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This information is issued by Bennelong Funds Management Ltd (ABN 39 111 214 085, AFSL 296806) (BFML) in relation to the Skerryvore Global Emerging Markets All-Cap Equity Fund. BFML has appointed BennBridge Ltd (‘BennBridge’) as the Fund’s Investment Manager, which is authorised and regulated by the UK Financial Conduct Authority. BennBridge is a Corporate Authorised Representative of BFML (AFSL Representative No. 1281639). All regulated activity relating to portfolio management, including execution of trades, takes place within BennBridge as the regulated entity. Skerryvore Asset Management LLP (‘Skerryvore’) is a boutique asset management team. The company is majority owned by team members, and minority owned by BennBridge. Skerryvore’s personnel are assigned to BennBridge in order to provide portfolio management and trading activities. Skerryvore and BennBridge are collectively referred to as ’the Skerryvore team’. This is general information only, and does not constitute financial, tax or legal advice or an offer or solicitation to subscribe for units in any fund of which BFML is the Trustee or Responsible Entity (Bennelong Fund). It is not intended for UK recipients, and financial promotion must not be acted on by persons in the UK. This information has been prepared without taking account of your objectives, financial situation or needs. Before acting on the information or deciding whether to acquire or hold a product, you should consider the appropriateness of the information based on your own objectives, financial situation or needs or consult a professional adviser. You should also consider the relevant Information Memorandum (IM) and or Product Disclosure Statement (PDS) which is available on the BFML website, bennelongfunds.com, or by phoning 1800 895 388 (AU) or 0800 442 304 (NZ). Information about the Target Market Determinations (TMDs) for the Bennelong Funds is available on the BFML website. BFML may receive management and or performance fees from the Bennelong Funds, details of which are also set out in the current IM and or PDS. BFML and the Bennelong Funds, their affiliates and associates accept no liability for any inaccurate, incomplete or omitted information of any kind or any losses caused by using this information. All investments carry risks. There can be no assurance that any Bennelong Fund will achieve its targeted rate of return and no guarantee against loss resulting from an investment in any Bennelong Fund. Past fund performance is not indicative of future performance. Information is current as at the June 2022.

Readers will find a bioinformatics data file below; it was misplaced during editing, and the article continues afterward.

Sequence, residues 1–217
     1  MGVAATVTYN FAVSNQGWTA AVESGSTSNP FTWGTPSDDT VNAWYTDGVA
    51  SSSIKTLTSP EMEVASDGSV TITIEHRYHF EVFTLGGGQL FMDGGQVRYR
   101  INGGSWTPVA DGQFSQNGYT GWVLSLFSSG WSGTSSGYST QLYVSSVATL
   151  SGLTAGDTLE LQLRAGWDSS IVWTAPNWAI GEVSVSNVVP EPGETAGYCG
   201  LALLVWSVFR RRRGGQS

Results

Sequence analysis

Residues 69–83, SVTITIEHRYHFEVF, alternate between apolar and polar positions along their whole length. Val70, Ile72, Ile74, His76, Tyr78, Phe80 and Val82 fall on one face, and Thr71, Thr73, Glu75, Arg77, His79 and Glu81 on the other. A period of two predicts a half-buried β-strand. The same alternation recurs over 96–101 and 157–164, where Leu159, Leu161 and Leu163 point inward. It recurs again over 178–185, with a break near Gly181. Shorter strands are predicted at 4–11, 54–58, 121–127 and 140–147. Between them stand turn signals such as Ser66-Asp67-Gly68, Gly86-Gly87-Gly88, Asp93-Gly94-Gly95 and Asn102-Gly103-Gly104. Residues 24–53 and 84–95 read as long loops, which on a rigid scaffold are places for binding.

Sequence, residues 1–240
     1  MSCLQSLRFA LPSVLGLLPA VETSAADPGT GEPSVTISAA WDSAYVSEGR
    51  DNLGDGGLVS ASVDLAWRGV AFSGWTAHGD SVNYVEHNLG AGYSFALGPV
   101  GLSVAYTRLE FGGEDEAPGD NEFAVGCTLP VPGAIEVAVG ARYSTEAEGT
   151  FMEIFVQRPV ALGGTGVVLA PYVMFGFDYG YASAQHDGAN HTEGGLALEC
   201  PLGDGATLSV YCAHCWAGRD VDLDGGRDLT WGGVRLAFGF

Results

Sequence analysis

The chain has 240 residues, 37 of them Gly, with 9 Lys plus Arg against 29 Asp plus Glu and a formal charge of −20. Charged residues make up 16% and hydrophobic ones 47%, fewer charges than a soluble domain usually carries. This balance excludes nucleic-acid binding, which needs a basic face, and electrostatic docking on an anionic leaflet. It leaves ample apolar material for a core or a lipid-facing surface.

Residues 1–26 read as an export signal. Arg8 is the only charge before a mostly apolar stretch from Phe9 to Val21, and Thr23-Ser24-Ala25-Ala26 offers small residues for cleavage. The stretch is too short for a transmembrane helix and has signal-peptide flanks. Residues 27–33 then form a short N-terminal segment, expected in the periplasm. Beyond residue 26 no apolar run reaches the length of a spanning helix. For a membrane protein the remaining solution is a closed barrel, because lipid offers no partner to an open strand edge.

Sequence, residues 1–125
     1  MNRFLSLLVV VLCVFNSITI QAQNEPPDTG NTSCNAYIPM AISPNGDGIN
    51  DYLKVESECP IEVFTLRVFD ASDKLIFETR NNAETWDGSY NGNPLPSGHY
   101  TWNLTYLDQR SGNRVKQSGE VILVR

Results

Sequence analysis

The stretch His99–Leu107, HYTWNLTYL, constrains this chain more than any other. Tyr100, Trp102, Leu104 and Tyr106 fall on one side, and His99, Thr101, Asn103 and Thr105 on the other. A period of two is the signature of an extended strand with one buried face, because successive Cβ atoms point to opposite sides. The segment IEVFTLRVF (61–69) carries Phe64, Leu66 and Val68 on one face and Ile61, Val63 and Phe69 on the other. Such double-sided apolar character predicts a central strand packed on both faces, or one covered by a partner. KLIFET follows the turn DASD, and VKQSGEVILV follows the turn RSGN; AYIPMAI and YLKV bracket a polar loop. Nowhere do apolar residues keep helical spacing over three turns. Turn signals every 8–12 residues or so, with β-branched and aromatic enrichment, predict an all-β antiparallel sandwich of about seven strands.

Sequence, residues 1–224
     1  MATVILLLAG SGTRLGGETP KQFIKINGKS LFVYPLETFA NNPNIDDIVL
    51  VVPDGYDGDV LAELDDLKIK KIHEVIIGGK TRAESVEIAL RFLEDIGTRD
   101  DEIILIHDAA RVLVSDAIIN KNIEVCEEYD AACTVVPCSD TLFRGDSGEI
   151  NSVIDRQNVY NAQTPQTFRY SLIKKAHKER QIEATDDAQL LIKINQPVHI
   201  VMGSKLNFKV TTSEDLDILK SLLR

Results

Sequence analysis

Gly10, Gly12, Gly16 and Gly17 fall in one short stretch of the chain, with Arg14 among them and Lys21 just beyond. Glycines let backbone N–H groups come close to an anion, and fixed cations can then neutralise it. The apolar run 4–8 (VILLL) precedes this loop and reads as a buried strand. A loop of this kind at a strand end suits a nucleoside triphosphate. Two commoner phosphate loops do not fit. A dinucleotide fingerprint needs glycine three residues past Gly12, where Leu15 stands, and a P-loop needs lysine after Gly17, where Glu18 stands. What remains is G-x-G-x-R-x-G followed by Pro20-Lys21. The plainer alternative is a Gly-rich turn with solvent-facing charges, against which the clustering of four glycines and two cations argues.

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Sara Allen
Content Editor
Livewire Markets

Sara is a Content Editor at Livewire Markets. She is a passionate writer and reader with more than a decade of experience specific to finance and investments. Sara's background has included working at ETF Securities, BT Financial Group and...